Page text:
Chapter 45 – A Shower of Blood
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...interview takes place to which Bertuccio now refers: his confession of the supposed murder of Villefort, in the garden, and his insistence that he is not guilty of the double homicide... (full context)
Chapter 47 – The Dapple-Greys
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...approaching on the road outside his door. Within minutes, a young woman named Heloise de Villefort and her son Edouard cry out from the back of a barouche, driven by the... (full context)
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...behavior. But she thanks the Count several more times and, the next day, her husband (Villefort) pays a visit of thanks to the Count’s house on the Champs-Elysees in Paris. (full context)
Chapter 48 – Ideology
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The Count has a philosophical discussion with Villefort, who pays a rare visit—as the narrator notes, Villefort maintains a haughtiness and reserve that... (full context)
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Before Villefort leaves, the Count says that he believes everyone at court and everyone in Parisian society... (full context)
Chapter 51 – Pyramus and Thisbe
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The chapter begins with Maximilien Morrel, dressed as a gardener, paying court to Valentine de Villefort over the garden wall to her father’s estate. Maximilien reveals in his conversation that Valentine... (full context)
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...some ancient hatred between their families, for when Maximilien’s name once came up in the Villefort home, her father was deeply angered at the sound of it; but her grandfather, Noirtier,... (full context)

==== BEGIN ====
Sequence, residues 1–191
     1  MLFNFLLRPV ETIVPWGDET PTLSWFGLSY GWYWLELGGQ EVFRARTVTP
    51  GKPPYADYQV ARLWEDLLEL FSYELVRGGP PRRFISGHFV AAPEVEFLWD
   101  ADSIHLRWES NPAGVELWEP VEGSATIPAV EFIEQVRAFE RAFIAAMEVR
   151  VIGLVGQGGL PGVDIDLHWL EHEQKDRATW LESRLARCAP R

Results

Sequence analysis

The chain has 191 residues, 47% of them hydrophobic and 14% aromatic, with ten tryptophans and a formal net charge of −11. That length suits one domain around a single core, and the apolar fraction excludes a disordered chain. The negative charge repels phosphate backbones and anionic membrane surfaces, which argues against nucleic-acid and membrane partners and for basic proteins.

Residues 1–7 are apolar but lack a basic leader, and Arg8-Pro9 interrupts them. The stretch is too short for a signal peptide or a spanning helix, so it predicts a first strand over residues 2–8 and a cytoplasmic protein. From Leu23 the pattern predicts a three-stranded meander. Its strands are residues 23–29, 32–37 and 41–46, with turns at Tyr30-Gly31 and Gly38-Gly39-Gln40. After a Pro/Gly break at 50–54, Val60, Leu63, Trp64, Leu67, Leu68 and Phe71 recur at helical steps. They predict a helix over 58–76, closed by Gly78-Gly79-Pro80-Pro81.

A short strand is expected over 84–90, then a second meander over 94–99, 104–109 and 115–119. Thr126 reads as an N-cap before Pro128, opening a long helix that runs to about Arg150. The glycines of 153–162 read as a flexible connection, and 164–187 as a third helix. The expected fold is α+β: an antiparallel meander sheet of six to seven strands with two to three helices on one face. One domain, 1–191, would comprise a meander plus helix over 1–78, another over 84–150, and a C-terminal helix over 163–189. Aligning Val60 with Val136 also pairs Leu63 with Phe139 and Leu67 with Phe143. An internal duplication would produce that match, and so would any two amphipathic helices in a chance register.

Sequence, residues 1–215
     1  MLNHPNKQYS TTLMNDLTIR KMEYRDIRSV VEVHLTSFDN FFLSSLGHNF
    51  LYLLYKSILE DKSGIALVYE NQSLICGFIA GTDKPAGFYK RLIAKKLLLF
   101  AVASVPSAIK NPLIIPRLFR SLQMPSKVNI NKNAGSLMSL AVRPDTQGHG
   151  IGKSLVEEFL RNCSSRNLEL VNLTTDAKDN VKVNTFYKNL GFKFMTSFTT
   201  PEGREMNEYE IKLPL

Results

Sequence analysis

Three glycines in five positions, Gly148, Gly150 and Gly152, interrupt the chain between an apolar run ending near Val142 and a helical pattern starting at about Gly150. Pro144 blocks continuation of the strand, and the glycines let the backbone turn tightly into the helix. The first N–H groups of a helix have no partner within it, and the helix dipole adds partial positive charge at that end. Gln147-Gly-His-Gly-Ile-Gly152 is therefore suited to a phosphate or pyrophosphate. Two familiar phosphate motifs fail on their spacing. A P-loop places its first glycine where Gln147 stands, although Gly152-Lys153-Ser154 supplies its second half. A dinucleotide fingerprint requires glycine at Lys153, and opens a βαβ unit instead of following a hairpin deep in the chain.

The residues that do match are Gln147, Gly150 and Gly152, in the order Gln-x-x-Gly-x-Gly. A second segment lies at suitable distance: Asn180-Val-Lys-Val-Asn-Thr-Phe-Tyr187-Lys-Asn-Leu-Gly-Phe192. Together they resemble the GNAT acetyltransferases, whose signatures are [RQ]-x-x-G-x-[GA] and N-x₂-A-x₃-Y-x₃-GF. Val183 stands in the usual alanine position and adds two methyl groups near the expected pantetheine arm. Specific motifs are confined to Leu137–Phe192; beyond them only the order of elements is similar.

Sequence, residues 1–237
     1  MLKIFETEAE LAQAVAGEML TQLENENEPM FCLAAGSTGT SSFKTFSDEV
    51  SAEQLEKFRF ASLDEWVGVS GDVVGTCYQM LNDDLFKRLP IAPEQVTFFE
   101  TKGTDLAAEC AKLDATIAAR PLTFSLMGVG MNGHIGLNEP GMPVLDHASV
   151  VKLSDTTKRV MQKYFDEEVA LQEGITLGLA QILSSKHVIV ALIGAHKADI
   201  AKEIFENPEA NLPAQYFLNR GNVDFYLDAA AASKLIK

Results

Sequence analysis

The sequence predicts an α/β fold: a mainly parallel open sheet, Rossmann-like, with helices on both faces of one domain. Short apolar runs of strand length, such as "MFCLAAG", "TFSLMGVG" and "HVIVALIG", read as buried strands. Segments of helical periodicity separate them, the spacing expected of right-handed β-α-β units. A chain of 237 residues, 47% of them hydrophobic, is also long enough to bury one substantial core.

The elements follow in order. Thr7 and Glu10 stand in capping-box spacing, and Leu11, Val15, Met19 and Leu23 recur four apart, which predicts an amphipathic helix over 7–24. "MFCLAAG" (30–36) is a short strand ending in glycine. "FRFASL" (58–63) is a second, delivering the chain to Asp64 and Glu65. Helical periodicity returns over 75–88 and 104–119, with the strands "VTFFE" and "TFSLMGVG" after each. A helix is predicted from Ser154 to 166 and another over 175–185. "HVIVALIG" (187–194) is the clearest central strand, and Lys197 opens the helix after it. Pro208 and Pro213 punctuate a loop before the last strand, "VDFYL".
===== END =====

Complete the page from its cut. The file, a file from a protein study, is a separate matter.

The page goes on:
Chapter 58 – Monsieur Noirtier de Villefort
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The narrator turns to a conversation between Villefort, Heloise, and the old man Noirtier, who is confined to a wheelchair inside their home.... (full context)
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Valentine comes in, fresh from her conversation with Maximilien, and Villefort and Heloise leave the room. Valentine realizes that Noirtier is deeply upset at the thought... (full context)
Chapter 59 – The Will
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...more nodding, Noirtier expresses that he will disinherit everyone in his family, including Valentine, should Villefort proceed with his wish of marrying Valentine to Franz. Noirtier suggests that he objects to... (full context)
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The notary draws up this will, and Villefort announces that, in his position as crown prosecutor, he is no position to contest his... (full context)
Chapter 60 – The Telegraph
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The Count arrives, again paying a visit to Villefort and his wife. He finds them both dismayed at the idea that their daughter has... (full context)
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The Count agrees that this is the best course, then takes his leave from the Villeforts, saying that he is off to indulge a strange pastime of his—he is going to... (full context)
Chapter 62 – Ghosts
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...Lucien Debray, Chateau-Renaud, the Baron Danglars (angry from his losses on the market), Hermine Danglars, Villefort and Heloise, and Major and Andrea Cavalcanti arrive. (full context)
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...shocked, sees that Hermine Danglars, the Baron’s wife, is in fact the woman with whom Villefort was having an affair, and who bore a child out of wedlock. Furthermore, Villefort is... (full context)
Chapter 63 – Dinner
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...a room in which, he avers, a crime has been committed, Madame Danglars swoons and Villefort rises to comfort her. (full context)
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Villefort and Debray (Madame Danglars’ lover) wonder if maybe the Baroness has had too much wine... (full context)